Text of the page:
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Got a "mean" boss? See 'em in court



We've reported before (here and here) on the campaign by activists to establish a cause of action arising from "workplace bullying". Efforts to get the courts to create such a right have not fared well, but the National Law Journal reports growing interest around the state legislatures:

Connecticut, for example, wants to outlaw "threatening, intimidating or humiliating" conduct by a boss or co-worker and would ban repeated insults and epithets. The proposal doesn't specify a penalty, but would only give workers the grounds to sue.

New York's anti-bullying legislation targets malicious conduct by supervisors that hurts employees either physically or psychologically. Mental health harm could include humiliation, stress, loss of sleep, severe anxiety and depression. The bill also would punish retaliation of the complainant or anyone who helps the complainant.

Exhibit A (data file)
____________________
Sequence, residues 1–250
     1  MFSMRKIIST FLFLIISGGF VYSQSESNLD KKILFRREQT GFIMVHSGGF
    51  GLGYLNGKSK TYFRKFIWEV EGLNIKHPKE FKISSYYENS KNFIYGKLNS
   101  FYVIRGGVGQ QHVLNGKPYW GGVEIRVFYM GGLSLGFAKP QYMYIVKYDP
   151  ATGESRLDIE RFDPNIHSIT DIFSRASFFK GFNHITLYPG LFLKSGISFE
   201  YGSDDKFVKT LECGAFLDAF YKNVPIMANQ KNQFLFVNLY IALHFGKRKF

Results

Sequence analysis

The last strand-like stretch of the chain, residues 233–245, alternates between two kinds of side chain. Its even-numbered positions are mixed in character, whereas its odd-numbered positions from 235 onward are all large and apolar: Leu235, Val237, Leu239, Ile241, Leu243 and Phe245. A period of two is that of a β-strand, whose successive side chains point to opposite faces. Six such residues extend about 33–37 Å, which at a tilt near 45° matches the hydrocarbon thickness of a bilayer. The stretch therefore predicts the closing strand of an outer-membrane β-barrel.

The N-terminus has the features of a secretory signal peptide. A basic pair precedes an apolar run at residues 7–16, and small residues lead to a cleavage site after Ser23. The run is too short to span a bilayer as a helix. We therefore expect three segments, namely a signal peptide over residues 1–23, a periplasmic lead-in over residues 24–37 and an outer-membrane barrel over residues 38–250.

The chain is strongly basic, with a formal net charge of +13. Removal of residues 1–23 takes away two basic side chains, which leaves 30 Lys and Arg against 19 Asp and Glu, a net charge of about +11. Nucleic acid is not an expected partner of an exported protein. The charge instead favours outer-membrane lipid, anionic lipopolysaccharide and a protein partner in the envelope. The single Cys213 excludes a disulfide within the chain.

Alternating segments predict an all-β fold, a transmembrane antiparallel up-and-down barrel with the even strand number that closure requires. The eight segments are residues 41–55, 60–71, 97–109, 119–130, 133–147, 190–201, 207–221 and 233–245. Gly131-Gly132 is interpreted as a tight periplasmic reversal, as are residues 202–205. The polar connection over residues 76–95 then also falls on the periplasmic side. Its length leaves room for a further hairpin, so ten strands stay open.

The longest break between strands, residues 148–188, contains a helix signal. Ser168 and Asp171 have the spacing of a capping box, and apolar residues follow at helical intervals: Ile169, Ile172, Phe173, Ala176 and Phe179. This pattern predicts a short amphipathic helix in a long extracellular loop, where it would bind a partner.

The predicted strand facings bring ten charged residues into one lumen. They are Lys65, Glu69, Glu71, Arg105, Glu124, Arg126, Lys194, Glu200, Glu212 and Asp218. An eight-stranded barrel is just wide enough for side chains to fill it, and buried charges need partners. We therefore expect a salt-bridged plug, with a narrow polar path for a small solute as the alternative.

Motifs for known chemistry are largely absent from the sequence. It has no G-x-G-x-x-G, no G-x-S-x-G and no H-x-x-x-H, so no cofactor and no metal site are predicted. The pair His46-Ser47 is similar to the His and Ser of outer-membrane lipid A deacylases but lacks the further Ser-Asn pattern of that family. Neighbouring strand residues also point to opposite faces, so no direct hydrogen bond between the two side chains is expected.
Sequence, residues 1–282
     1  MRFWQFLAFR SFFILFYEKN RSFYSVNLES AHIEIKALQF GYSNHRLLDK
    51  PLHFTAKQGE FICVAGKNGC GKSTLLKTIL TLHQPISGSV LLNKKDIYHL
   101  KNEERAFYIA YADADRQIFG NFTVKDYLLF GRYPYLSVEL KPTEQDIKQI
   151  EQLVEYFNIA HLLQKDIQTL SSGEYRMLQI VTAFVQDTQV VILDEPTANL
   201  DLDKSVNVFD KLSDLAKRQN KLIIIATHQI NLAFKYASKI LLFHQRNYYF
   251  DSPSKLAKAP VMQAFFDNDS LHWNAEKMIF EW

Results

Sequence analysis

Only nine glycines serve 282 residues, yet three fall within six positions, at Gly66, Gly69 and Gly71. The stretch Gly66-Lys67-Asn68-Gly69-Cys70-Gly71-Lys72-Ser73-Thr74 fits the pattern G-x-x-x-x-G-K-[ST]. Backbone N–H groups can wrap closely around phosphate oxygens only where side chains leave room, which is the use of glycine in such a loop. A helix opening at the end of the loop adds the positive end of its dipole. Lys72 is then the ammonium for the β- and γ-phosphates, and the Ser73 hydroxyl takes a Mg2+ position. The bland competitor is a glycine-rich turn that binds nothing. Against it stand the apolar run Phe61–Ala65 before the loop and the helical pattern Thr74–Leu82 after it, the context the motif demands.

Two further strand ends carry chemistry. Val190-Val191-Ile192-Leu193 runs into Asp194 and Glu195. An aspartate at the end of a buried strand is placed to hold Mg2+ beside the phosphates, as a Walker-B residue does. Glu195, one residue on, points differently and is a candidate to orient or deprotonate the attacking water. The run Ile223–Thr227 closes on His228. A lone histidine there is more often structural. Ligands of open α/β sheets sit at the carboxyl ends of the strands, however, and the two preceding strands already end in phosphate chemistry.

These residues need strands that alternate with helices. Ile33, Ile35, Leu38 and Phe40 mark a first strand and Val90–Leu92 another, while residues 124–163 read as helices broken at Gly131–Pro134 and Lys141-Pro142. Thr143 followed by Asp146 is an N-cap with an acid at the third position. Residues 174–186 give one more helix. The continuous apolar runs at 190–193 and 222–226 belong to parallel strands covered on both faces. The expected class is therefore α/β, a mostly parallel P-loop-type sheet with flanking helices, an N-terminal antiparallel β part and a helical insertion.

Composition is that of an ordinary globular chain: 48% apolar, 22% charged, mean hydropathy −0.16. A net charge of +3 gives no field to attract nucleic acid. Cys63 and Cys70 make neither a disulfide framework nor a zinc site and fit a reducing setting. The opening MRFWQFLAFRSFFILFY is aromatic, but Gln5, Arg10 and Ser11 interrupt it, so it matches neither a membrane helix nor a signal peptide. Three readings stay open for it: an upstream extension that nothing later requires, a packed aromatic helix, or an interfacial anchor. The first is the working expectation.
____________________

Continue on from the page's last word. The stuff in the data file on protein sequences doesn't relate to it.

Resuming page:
As management lawyers warn, enactments of this sort could result in a large new volume of litigation; the ample scope for differences of opinion about what constitutes hurtful sarcasm or a humiliating memo style could turn the courts into ongoing "superpersonnel departments" dispensing financial balm for injured feelings in the workplace.

 

 


Rafael Mangual
Project Manager,
Legal Policy
rmangual@manhattan-institute.org

Katherine Lazarski
Manhattan Institute
klazarski@manhattan-institute.org

 

Published by the Manhattan Institute

The Manhattan Insitute's Center for Legal Policy.